SLC - Solute Carrier Superfamily
Solute carriers (SLC) are a group of membrane transport proteins, comprising over 300 members, most of which are located in cell membranes. Their main function is to facilitate the transport of a wide variety of substrates across biological membranes, including the uptake of small molecules into cells.
The SLC superfamily of solute carriers is the second largest family of membrane proteins after G protein-coupled receptors. Within the superfamily, there is a great diversity of structure, but they are united by their function. Over 50 families have been identified based on sequence similarities, but many of them overlap in terms of the solutes that they carry. Two families (SLC3 and SLC7) only generate functional transporters as heteromeric partners, where one partner is a single trans-membrane domain protein. Functionally, members can be divided into those dependent on gradients of ions (particularly sodium, chloride or protons), exchange of solutes or simple equilibrative gating. For many members, the stoichiometry of transport is not yet established. One family of transporters also possess enzymatic activity (SLC27), while many members function as ion channels (e.g. SLC1A7/EAAT5), which increases the complexity of function of the SLC superfamily.
Membrane transporters are widely expressed throughout the body, in the epithelia of major organs, such as the liver, intestine, kidney, and organs with barrier functions, such as the brain, testes and placenta. Different transporters are localised to the plasma membrane, as well as to the membranes of various subcellular organelles. This maintains cellular homeostasis due to the regulated delivery of required substrates. SLC transporters therefore have important roles in physiological processes ranging from the cellular uptake of nutrients to the absorption of drugs and other xenobiotics.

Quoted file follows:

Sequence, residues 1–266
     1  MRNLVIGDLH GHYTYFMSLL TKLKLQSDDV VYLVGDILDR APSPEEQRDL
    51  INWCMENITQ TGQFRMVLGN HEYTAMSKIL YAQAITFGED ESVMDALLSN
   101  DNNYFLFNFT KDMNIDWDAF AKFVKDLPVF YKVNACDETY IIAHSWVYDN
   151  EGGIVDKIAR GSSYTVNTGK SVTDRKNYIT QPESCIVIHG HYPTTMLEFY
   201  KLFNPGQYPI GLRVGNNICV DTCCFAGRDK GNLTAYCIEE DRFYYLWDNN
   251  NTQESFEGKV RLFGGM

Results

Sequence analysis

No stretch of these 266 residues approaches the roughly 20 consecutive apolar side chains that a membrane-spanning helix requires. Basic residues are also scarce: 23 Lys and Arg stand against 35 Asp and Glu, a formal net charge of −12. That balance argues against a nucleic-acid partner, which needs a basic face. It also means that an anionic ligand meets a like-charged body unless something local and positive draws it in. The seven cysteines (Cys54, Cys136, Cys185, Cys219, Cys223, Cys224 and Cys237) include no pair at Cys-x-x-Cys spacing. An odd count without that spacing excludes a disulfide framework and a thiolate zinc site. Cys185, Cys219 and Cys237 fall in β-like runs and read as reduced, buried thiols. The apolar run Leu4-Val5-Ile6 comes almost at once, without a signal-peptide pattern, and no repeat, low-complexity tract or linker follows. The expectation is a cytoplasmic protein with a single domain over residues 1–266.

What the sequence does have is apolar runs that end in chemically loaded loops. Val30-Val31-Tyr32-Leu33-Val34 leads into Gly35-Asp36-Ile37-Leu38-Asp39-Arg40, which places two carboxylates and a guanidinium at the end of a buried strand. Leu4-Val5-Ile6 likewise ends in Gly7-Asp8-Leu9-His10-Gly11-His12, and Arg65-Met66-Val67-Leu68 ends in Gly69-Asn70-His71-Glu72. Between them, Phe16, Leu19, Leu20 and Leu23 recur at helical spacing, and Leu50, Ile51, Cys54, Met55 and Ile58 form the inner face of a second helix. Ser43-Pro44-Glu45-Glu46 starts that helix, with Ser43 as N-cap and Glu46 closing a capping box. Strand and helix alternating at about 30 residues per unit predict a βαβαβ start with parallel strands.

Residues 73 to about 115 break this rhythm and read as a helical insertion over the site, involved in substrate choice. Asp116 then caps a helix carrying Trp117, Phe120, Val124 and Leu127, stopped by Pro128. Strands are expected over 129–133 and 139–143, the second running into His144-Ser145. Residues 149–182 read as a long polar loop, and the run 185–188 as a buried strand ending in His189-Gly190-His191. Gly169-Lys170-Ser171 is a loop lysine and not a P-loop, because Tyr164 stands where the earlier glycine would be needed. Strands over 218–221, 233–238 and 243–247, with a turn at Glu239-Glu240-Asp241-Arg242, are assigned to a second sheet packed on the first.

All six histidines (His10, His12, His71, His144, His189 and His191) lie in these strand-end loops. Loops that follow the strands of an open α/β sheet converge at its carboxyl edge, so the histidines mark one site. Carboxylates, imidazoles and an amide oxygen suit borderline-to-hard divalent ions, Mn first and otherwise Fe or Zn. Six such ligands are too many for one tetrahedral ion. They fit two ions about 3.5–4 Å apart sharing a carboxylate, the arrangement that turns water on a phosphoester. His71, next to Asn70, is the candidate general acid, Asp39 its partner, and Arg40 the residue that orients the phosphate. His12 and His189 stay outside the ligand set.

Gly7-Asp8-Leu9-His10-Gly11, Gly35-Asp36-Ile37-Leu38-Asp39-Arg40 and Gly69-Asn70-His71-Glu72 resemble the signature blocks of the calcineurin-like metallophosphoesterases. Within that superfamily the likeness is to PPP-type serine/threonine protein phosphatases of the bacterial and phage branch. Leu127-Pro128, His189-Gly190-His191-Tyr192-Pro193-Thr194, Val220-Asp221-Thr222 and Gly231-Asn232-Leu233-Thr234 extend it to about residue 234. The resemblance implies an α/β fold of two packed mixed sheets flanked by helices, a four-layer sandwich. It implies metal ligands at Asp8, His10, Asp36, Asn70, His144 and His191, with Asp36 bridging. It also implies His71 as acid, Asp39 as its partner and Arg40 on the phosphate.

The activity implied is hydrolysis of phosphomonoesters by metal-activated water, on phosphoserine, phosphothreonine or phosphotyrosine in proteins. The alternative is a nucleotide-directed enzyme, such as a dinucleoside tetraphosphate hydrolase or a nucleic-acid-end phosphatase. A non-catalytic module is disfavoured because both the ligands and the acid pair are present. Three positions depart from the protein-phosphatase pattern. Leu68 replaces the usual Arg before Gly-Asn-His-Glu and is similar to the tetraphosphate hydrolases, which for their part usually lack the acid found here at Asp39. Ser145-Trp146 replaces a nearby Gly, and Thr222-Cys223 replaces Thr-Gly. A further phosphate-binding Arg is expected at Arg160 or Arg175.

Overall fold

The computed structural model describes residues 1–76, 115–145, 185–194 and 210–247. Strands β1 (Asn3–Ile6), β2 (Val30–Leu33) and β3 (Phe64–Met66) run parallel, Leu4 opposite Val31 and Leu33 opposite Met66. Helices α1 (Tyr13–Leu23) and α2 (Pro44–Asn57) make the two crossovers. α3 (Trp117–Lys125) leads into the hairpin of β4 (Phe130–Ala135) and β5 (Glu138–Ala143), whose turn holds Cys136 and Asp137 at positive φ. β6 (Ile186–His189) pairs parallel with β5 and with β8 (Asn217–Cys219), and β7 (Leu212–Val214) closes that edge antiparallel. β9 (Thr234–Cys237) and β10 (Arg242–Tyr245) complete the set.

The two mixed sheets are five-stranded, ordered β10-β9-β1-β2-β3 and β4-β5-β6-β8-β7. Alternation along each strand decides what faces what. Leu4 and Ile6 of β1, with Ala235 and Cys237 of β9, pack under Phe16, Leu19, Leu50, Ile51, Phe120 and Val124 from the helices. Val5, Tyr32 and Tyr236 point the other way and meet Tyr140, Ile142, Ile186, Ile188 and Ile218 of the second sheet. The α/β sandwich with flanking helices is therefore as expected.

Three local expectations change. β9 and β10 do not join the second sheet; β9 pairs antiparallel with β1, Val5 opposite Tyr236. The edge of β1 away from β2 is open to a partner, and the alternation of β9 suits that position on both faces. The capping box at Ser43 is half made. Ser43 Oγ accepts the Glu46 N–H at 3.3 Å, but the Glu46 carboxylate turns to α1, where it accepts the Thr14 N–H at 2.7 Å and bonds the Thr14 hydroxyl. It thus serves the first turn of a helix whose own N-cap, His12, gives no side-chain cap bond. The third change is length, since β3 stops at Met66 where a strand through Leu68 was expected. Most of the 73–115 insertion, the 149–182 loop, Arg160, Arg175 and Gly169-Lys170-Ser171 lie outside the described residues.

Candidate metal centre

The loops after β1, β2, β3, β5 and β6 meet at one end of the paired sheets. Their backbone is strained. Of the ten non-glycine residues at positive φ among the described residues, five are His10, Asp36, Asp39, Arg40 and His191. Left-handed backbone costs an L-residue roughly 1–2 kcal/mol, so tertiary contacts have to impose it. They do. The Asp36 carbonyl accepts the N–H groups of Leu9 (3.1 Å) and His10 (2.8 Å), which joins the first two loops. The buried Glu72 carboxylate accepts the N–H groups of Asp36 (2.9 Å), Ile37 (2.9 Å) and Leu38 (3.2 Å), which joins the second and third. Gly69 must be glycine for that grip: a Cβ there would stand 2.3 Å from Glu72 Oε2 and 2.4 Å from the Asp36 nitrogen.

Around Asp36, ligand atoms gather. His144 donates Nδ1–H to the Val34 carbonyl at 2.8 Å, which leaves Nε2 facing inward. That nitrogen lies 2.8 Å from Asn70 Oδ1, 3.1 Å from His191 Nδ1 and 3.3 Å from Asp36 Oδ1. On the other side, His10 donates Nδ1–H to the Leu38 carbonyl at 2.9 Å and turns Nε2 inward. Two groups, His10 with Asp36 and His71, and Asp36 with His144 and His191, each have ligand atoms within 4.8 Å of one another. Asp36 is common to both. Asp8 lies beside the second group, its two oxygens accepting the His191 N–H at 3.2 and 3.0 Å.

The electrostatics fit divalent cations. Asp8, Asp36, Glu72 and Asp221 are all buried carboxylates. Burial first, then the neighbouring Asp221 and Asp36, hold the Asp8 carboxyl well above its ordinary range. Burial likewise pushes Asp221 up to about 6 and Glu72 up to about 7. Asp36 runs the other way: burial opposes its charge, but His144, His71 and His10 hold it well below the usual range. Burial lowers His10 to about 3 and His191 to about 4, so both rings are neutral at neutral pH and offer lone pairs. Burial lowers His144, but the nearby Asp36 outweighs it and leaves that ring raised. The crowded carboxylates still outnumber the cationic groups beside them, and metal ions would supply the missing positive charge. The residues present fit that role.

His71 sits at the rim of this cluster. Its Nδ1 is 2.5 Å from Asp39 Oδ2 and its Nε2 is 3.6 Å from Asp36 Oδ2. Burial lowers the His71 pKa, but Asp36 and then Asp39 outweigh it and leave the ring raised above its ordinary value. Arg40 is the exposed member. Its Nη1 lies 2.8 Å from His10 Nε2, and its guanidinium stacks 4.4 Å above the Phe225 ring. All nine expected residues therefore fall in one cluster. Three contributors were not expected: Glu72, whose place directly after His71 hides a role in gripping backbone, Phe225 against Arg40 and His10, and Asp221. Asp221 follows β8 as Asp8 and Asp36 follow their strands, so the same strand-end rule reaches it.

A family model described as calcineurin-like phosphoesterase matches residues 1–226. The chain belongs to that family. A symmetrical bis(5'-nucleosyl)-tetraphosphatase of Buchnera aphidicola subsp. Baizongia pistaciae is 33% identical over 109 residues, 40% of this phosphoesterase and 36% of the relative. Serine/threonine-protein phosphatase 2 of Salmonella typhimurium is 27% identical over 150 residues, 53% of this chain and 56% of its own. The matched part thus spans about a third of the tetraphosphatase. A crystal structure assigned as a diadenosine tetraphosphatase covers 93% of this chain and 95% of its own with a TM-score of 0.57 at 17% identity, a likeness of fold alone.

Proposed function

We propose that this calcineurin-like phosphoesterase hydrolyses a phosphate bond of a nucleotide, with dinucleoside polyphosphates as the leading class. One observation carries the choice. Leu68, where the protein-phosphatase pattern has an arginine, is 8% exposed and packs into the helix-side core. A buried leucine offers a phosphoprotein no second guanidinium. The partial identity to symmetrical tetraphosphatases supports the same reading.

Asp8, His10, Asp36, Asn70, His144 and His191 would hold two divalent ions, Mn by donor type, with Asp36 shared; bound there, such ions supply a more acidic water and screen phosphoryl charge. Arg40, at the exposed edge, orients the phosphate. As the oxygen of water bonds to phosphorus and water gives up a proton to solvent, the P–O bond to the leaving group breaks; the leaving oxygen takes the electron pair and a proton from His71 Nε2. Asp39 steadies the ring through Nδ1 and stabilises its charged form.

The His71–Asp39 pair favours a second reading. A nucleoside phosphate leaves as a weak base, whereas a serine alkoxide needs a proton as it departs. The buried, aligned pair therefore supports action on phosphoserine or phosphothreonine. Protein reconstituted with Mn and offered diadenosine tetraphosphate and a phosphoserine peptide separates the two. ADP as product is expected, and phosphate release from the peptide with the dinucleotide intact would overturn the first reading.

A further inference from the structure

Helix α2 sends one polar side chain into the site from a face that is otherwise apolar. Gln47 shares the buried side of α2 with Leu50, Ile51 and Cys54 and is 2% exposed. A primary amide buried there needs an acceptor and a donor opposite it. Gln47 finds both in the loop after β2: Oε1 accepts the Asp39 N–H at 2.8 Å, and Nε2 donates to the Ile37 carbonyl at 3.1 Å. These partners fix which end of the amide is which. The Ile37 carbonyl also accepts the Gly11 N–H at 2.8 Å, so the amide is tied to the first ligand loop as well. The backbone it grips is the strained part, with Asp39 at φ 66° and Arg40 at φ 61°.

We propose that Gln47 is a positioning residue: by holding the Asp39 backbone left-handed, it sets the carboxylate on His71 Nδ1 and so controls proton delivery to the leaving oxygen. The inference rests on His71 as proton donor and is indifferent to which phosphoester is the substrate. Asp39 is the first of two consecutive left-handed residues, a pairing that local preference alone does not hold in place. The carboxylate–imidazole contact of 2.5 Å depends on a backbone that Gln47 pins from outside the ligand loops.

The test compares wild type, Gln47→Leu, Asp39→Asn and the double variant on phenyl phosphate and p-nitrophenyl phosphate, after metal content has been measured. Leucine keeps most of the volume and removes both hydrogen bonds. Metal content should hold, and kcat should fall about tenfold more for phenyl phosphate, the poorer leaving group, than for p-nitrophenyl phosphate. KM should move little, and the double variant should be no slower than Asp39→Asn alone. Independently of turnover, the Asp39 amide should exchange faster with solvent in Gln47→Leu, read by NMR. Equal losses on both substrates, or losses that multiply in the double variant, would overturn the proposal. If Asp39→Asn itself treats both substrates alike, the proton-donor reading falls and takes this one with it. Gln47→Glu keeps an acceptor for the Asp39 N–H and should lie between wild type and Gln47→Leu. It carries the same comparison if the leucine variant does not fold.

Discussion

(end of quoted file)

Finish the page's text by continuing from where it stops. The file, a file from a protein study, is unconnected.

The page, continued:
Biorbyt is developing a range of antibodies to help support research into this rapidly growing area.
ATP-binding cassette (ABC) Superfamily
Traditionally, a greater emphasis has been placed on the development of drugs targeted at the other transporter superfamily, the ATP-binding cassette (ABC) superfamily. Fewer therapeutic drugs have been developed to exploit SLC family targets but interest in this diverse family of proteins is now growing. Several classes of marketed drugs now target well-known SLC transporters, such as neurotransmitter transporters, and human genetic studies have provided powerful insight into the roles of more-recently characterised SLC transporters in both rare and common diseases, indicating a wealth of new therapeutic opportunities.